Same disclaimer as Part I! I use a lot of gender binary terms in this post, but I can’t stress enough: body positivity is for everyone!
Hello and welcome! I am back on my body positivity soapbox and ready to rock and roll!
Back home, in the hot summer months, I often notice young women wearing a lot of crop tops, short shorts, etc. This is great! If you love your body and want to show it off and wear that cute crop top, go for it! I will support you! But there seems to be some kind of unspoken rule that only “skinny” girls can wear these clothes. Although this “rule” is completely untrue, it has made the conservative dress in Morocco an interesting change in summer life. Don’t get me wrong – there have been a couple of brutal 100 degree days where all I wanted was to ditch my long sleeves and throw on a tank top. Despite this, dressing conservatively has forced me to focus less on my body when I would otherwise be stressing about it all the time.
One of the biggest reasons that summer is my least favorite season is because it’s a time when I feel the most self conscious, when I am most acutely aware that my body is not the standard – I’m constantly bombarded with images of thin bodies in bikinis, at music festivals, living their lives, etc. There’s nothing wrong with people who have “perfect” bodies and celebrate them in a bikini, it just always reminds me that my body doesn’t look like that. It’s for this reason that my body confidence has skyrocketed since coming to Morocco. I don’t have to think about body standards as often because they’re not as visible. Of course, I would love to see women celebrate their bodies here by dressing however they want (some do!), but I also respect the cultural and religious significance of conservative dress. Even though its purpose is mainly religious, dressing norms here have been an interesting component of my exploration into body positivity.
Take it back now, y’all! Let’s talk about swimsuits! Even though conservative dress is the norm here, women are welcome to wear whatever swimsuits they want on the beach. A few of my friends and I went to Skhirat, a nearby beach town, this weekend to celebrate being done with midterms. Normally, the beach is a big old barrel of body shame for me, but my experience in Skhirat was completely different. When I went out in my bathing suit, I couldn’t stop thinking about the beautiful weather. It was so breezy and cool compared to Rabat! Because of my bathing suit, I could feel that breeze on my entire body! My shoulders hadn’t seen the sun in ages! On the beach, I was so grateful that I could feel the weather on my entire body that I didn’t care one bit what I looked like. I was so happy to be there, experiencing everything fully. Who cared what I look like? I wasn’t sweating for the first time in a month! It’s this kind of experiential feeling that I’m always striving for with body positivity, and it was nice to get there for once.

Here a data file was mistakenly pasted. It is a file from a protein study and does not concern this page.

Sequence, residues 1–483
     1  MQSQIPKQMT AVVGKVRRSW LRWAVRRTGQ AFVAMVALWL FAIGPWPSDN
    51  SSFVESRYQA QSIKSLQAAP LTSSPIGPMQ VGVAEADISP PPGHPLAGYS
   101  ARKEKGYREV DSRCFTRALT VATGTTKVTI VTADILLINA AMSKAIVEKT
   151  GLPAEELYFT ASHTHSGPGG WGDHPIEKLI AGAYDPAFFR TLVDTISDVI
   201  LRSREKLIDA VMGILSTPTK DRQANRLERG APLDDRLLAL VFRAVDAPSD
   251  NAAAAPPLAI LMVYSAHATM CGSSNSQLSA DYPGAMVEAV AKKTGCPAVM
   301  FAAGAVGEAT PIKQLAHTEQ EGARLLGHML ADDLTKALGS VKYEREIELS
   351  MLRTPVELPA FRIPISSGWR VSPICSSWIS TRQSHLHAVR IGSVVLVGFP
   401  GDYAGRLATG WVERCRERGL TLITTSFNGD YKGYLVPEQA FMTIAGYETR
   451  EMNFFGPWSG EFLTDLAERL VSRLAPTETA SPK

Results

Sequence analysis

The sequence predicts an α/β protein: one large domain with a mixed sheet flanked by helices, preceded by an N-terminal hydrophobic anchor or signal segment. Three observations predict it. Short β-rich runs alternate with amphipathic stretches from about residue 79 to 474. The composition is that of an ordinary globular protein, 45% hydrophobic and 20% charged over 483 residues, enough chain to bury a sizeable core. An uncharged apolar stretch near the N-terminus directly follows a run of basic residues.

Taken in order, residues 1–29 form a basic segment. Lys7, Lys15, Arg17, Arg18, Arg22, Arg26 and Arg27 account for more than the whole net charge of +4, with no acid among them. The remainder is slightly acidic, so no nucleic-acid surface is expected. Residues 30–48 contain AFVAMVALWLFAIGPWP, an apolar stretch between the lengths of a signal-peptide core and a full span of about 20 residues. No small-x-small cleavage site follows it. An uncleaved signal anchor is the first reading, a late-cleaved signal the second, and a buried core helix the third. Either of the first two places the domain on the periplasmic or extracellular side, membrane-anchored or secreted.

I also had a great body positive experience recently with – you guessed it! Bellydancing! My center hosted an “Oriental Dance” class for students and we all went to learn how to bellydance. I can’t even begin to describe how fun it was. We were all having a blast shaking our booties! We wore garments that jingled when we danced – they made it feel like every move was a celebration of our bodies. During the class, I completely let go of how I looked. It was a hot day, we were all sweaty and tired, but most of us had smiles plastered on our faces. It was such a delight to partake in an activity in which we could really use our bodies (remember: bodies are an instrument, not an ornament). In a situation where I would normally feel self conscious about how I looked, I was able to let go of my own body image, which was incredibly freeing. I felt just like I did when I was little, running around and playing games and not caring if I had a wedgie or if my belly was showing (both of which probably were). My takeaway from bellydancing is this: If you can find an activity where you use and celebrate your body so much that you forget what it looks like – do that! I loved bellydancing because of this, and I just might sign up for more classes!
I could go on forever about how many of my experiences here have impacted my self image. I’ve grown a lot in many ways since coming here, but growth in body positivity was not something I expected. I’m very grateful to have studied in Morocco for many reasons, but I might be most grateful to take my newfound confidence back home.